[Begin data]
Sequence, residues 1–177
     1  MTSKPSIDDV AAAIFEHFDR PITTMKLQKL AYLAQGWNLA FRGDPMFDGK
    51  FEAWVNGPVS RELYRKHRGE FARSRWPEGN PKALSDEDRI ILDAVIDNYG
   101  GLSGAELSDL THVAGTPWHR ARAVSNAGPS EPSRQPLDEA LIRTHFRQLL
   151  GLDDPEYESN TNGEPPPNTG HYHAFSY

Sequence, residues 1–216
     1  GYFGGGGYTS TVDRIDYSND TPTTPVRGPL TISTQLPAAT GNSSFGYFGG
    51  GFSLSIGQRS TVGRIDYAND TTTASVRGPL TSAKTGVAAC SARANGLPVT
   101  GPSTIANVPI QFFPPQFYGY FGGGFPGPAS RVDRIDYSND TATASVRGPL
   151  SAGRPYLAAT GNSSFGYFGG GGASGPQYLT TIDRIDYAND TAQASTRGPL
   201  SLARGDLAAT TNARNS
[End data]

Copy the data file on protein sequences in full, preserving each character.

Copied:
Sequence, residues 1–177
     1  MTSKPSIDDV AAAIFEHFDR PITTMKLQKL AYLAQGWNLA FRGDPMFDGK
    51  FEAWVNGPVS RELYRKHRGE FARSRWPEGN PKALSDEDRI ILDAVIDNYG
   101  GLSGAELSDL THVAGTPWHR ARAVSNAGPS EPSRQPLDEA LIRTHFRQLL
   151  GLDDPEYESN TNGEPPPNTG HYHAFSY

Sequence, residues 1–216
     1  GYFGGGGYTS TVDRIDYSND TPTTPVRGPL TISTQLPAAT GNSSFGYFGG
    51  GFSLSIGQRS TVGRIDYAND TTTASVRGPL TSAKTGVAAC SARANGLPVT
   101  GPSTIANVPI QFFPPQFYGY FGGGFPGPAS RVDRIDYSND TATASVRGPL
   151  SAGRPYLAAT GNSSFGYFGG GGASGPQYLT TIDRIDYAND TAQASTRGPL
   201  SLARGDLAAT TNARNS